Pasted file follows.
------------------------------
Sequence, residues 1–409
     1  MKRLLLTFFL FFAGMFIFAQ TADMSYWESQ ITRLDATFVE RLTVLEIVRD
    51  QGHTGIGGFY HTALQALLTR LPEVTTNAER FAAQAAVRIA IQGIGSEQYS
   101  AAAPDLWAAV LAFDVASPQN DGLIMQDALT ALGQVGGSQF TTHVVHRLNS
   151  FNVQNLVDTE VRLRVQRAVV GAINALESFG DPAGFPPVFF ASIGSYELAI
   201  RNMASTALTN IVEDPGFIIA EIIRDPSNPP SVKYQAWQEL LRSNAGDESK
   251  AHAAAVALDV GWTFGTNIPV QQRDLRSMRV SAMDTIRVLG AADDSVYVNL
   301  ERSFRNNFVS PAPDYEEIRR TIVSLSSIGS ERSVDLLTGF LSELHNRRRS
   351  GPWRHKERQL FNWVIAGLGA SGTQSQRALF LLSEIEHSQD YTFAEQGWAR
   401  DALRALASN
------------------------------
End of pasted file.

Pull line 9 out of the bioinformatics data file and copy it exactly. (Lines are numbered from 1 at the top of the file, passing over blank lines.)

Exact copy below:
   351  GPWRHKERQL FNWVIAGLGA SGTQSQRALF LLSEIEHSQD YTFAEQGWAR